Exactly four months ago, at the 10th of Juli, I arrived here in Chemnitz, Saxony. On the first day, I remember my mentor picking me up from the train station and the welcoming committee I met in my new flat, my flatmate and the other volunteers from the apartement upstairs. Also, I found in my room fresh flowers , chocolate and a sweet postcard with a picture of the Karl-Marx monument, the “Nischel”, how it is called here. I was so glad of this warm welcome, I had a good feeling about this entire new experience I was jumping in. I enjoyed my summer here, the company of the other volunteers and the few trips I had the opportunity to do...because there was always the shadow of the virus, therefore I preferred not to travel a lot and stay in Saxony instead. Nonetheless, I enjoyed having many peaceful walks in the beautiful Stadtpark and in Rabenstein forest, not far from Chemnitz. I have to say, after months of the Italian lockdown, during which I had to stay within 200 mt from my home, all of this was more than enough.
And then Autumn arrived...and with it, the second wave of the infection. I am not gonna lie, when Chemnitz was proclaimed to be a risky area, I had a couple of bad weeks. The thought of being far from my loved ones, really hit me. I knew that there was this possibility when I decided to come here, but honestly a part of me simply hoped that, knowing more about the virus and the measures to take to keep the infection under control, there would have not be another lockdown. Well...here we are. Again.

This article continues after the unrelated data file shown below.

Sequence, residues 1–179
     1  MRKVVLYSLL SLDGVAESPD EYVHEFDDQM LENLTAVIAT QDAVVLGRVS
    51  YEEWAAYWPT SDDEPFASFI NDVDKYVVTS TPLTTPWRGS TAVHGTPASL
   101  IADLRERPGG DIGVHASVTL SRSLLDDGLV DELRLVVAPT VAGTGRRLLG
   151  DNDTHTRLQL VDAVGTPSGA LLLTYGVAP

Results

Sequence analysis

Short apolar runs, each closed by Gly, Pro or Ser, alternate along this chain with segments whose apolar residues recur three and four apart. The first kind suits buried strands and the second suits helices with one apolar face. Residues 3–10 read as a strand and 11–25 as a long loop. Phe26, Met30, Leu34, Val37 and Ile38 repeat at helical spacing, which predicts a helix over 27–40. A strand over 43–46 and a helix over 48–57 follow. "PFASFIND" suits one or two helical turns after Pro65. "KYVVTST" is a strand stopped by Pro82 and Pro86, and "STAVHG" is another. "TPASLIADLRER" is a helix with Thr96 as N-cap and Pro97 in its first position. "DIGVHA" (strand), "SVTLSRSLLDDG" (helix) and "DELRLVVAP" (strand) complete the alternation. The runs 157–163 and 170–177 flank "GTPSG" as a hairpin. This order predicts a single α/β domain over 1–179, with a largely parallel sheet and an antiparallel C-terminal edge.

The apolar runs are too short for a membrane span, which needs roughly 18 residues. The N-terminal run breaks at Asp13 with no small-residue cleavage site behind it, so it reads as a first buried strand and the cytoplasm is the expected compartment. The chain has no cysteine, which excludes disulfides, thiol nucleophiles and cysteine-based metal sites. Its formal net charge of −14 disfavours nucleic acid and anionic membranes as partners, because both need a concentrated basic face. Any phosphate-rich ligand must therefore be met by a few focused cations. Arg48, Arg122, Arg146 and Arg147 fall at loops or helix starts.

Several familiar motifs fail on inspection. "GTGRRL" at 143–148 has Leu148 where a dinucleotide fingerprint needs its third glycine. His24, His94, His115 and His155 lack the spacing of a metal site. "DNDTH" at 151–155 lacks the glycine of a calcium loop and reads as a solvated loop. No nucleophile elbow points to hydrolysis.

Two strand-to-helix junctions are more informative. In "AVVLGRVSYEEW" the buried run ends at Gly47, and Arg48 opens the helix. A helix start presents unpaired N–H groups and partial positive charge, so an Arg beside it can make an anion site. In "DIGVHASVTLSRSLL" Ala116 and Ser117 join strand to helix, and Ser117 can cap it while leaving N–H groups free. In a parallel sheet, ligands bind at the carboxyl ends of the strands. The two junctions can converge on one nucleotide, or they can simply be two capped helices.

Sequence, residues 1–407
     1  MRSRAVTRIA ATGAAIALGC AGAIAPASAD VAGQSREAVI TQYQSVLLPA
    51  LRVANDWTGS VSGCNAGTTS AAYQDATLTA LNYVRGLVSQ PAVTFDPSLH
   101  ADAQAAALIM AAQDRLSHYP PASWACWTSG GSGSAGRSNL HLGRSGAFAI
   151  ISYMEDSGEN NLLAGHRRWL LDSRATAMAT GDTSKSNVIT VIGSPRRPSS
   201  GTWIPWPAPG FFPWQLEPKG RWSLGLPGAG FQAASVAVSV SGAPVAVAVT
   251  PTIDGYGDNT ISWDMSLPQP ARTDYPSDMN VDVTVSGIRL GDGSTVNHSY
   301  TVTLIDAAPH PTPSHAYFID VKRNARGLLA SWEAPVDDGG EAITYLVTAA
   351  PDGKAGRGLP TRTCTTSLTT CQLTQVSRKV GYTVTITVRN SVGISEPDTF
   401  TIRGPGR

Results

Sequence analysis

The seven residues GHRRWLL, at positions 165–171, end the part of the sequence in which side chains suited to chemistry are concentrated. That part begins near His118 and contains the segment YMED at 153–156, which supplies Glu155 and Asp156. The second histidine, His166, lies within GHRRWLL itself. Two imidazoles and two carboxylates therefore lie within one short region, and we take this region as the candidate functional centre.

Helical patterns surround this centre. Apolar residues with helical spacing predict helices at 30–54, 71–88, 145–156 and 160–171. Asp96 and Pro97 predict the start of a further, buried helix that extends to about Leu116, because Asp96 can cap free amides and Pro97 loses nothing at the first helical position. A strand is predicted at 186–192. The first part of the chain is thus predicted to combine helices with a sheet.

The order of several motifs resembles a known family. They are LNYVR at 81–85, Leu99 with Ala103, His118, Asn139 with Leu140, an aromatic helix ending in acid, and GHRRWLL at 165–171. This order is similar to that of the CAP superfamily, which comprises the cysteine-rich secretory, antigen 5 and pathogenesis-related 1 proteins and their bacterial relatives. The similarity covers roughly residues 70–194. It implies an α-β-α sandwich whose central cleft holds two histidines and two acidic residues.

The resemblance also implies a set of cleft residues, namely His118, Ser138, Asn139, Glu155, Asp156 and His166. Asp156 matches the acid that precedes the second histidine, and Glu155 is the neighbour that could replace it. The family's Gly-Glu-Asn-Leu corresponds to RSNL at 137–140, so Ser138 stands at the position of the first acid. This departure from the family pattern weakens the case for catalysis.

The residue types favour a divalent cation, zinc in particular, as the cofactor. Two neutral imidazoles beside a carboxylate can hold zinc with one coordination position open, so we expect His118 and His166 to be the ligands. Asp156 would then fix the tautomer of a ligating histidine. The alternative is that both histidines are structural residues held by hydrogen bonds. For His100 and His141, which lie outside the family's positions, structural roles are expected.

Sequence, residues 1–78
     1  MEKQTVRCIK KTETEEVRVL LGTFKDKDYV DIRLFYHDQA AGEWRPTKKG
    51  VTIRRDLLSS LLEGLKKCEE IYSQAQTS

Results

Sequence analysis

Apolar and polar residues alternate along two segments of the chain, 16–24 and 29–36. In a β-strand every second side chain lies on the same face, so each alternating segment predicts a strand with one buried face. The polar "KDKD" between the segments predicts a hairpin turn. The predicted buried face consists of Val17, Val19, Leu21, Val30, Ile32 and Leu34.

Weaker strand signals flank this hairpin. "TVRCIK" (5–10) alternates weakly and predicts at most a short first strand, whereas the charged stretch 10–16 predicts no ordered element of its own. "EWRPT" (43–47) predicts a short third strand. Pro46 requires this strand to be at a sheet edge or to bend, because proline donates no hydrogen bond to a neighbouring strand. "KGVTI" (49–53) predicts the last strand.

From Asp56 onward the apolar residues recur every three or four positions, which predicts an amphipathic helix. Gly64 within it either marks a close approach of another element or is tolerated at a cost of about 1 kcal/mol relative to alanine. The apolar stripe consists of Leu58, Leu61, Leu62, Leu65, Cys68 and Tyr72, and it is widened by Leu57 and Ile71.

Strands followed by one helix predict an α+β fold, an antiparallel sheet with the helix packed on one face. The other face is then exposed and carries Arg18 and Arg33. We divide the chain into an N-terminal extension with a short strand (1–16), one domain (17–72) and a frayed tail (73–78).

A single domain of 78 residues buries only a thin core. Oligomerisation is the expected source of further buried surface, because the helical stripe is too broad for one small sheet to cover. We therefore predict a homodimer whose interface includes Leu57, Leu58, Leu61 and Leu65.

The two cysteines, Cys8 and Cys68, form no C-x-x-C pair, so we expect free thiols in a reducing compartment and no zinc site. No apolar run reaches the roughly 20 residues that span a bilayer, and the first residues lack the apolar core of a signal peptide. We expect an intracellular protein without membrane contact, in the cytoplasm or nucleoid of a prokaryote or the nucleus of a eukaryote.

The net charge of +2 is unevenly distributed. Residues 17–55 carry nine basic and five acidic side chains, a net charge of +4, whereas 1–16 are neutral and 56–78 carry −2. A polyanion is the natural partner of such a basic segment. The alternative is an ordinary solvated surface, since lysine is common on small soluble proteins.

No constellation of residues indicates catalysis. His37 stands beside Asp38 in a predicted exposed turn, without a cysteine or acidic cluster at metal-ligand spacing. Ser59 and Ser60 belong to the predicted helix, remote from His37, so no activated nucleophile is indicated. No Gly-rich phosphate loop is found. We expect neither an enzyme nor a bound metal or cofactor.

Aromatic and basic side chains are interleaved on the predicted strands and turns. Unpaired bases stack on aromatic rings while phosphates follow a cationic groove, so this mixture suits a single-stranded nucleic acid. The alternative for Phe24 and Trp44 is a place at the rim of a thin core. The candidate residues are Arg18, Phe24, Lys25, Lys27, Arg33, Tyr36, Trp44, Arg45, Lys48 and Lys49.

By the way, I have no intention to complain about the lockdown, which I believe is necessary and that is much lighter than the one that I endured in Italy.
I keep going, of course, with my job with the children, my study of German and my life here, which I like. Even under these conditions, I am having a good experience overall and I would recommend it. I like this city and I find the people really nice, in general...which was a pleasant surprise, considering what can be found in internet on Chemnitz.
The truth is that most of the people I met, at the workplace and elsewhere, have been very nice to me, they have been particularly patient when it comes to the language, repeating again and again what I could not understand. That is why sometimes I feel sad because I have much fewer opportunity of meeting new local people, especially people around my age. I feel like I am not living part of the experience.
It goes without saying that many people are having the same issue, this is just something with which we have to live with, in this moment.
I think we are all learning how to deal with this common uncertainty.